LP: So you said we are analyzing the world around us and the world within us. What do you mean by that?
MH: So we're surrounded by chemicals. Everything around us from the carpet to the curtains to the food we eat, everything is containing complex chemical mixtures, and some of that is consumed by us. And that has interactions in our own body. So it's exposomics is the study of the external chemical exposure and what internal effects that has on us as humans. So it's a fascinating field that has health effects, implications into how we target precision medicine and how we understand system biology as well.
LP: Yeah. Definitely an important topic for everyone. So the Floodlight team received a major recognition with a 2021 R&D 100 Award, and it's been recognized as one of the most significant innovations of the year, and for good reason, we just heard plenty of them. What does this honor mean to the team and for the future of Floodlight?
MH: It means a lot. Personally, the most enjoyment I get out of the work I do is bringing complex and challenging ideas into reality, and receiving this recognition is part of making the technology real. I think it will help us to grow and have our technology transferred to more industries and more collaborators.
As for the future of Floodlight, our vision is to develop a suite of software that we call Lighthouse. We hope that Floodlight is a key component of that software suite, and we want to support additional instruments to expand out the chemical space that we can see and analyze with our software suite.
We're also hoping to expand the application of our tools. So right now I mentioned that we're working with exposomics and the health effects of chemistry. We also want to look at environmental chemistry, like emissions from manufacturing plants. We're also looking at forensics applications as well. How we can keep ourselves safe. Just trying to get more application of these tools to better the world around us.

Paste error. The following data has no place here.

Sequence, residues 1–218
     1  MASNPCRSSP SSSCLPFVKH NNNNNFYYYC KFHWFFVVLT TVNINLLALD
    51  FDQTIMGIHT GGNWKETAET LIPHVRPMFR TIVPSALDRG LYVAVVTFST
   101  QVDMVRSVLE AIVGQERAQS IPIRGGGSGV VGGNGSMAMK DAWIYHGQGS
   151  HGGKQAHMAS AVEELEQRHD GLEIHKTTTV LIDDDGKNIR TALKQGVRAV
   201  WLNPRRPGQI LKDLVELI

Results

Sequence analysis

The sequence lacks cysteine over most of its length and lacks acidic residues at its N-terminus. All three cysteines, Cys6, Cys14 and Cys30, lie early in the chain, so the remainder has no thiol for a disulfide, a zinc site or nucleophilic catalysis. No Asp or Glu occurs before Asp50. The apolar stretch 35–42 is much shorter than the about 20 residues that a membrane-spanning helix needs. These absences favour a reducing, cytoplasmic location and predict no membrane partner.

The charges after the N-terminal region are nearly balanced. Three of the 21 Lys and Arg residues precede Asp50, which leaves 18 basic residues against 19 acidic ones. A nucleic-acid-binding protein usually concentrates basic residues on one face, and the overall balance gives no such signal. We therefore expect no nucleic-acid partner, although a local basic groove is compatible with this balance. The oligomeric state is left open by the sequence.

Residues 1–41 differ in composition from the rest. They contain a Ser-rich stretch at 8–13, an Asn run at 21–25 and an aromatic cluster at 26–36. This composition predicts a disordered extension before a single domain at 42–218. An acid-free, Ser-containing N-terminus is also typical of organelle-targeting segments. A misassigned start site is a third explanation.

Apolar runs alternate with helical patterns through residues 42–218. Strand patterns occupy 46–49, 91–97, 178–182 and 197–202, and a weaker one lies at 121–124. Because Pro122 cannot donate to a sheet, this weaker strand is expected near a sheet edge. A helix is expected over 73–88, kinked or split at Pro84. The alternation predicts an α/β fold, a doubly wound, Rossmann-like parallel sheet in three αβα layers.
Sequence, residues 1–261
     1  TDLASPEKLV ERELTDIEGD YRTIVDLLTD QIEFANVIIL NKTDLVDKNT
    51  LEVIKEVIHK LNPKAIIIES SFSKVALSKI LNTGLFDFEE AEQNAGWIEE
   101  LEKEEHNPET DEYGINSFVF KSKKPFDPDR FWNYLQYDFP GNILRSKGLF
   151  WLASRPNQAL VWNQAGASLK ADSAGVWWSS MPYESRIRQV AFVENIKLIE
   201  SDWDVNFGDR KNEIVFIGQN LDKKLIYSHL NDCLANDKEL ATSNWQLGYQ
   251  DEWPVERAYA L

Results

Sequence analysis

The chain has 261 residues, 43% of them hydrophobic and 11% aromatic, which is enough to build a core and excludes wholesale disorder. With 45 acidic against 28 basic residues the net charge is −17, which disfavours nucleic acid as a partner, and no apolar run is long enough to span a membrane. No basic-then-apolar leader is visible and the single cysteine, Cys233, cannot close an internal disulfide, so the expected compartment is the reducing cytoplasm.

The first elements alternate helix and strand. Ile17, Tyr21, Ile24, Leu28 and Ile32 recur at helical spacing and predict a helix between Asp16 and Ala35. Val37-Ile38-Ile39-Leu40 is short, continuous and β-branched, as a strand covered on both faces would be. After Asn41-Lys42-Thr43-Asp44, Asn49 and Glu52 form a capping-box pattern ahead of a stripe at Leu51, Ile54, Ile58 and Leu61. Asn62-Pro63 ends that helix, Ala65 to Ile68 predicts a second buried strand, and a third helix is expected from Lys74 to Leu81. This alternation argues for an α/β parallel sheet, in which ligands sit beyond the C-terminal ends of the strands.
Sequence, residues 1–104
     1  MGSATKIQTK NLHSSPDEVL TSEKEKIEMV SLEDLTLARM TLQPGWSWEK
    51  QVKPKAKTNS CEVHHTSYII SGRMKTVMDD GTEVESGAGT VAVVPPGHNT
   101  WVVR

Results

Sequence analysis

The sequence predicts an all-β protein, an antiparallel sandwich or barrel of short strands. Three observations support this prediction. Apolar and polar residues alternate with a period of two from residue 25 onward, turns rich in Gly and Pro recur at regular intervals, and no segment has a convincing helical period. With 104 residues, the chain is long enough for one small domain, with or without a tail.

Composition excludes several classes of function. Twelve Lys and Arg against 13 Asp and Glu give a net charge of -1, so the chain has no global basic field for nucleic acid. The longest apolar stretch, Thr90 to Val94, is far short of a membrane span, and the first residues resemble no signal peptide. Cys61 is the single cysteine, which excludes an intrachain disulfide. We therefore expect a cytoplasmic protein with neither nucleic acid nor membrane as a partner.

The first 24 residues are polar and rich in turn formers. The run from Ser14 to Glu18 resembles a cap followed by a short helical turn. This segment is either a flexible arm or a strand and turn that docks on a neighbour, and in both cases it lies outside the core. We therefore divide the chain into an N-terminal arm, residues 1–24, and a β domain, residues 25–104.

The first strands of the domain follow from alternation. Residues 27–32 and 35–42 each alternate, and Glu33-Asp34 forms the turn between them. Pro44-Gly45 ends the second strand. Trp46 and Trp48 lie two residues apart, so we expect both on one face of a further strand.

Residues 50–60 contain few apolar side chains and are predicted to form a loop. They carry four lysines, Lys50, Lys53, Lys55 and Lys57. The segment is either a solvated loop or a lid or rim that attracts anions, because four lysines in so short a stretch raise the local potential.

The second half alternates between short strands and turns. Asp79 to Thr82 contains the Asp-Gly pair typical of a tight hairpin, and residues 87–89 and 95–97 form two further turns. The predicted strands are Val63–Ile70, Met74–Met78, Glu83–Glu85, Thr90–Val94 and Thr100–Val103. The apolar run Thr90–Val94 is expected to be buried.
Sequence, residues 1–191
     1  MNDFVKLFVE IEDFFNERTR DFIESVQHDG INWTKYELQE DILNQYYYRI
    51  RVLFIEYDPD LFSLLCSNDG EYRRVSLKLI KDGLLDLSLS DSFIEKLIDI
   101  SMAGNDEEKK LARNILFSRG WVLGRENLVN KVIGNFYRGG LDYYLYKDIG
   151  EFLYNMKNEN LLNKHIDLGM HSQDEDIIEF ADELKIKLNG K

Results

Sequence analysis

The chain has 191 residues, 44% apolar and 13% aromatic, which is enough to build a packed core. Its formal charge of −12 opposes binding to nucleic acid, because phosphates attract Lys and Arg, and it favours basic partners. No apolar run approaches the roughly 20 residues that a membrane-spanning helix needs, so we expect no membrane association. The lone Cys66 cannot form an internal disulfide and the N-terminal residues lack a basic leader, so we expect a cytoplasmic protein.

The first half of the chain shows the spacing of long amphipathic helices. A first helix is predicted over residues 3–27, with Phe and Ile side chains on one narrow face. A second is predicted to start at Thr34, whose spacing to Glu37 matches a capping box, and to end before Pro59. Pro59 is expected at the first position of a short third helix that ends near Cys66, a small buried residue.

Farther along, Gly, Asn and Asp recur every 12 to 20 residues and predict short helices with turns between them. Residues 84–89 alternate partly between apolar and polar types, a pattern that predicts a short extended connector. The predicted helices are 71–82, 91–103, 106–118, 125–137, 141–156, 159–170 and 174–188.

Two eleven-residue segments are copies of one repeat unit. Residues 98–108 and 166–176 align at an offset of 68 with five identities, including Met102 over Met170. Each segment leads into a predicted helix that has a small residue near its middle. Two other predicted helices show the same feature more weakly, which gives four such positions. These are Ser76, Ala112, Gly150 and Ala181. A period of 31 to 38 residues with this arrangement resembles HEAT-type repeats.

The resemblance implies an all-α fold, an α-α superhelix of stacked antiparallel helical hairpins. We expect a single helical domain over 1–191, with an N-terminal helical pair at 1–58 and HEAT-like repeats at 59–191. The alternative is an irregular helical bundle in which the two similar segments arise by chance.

LP: All right. So much more ahead for this dynamic technology. Thanks for coming back to the podcast, Michael. Floodlight is always a fascinating topic. And congratulations again to you and your team on that R&D 100 Award.
MH: Thanks, Lisa.
And thank you to our listeners for learning along with us today and celebrating our 2021 R&D 100 Award winners. You can hear all of our Technology Today episodes and see photos and complete transcripts at podcast.swri.org. Remember to share our podcast and subscribe on your favorite podcast platform.
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Ian McKinney and Bryan Ortiz are the podcast audio engineers and editors. I am producer and host, Lisa Peña.
Thanks for listening.
Southwest Research Institute has earned 50 R&D 100 awards since 1971. Each year R&D World recognizes developments regarded as among the 100 most significant technical accomplishments. The Chicago Tribune dubbed the program “the Oscars of Invention.”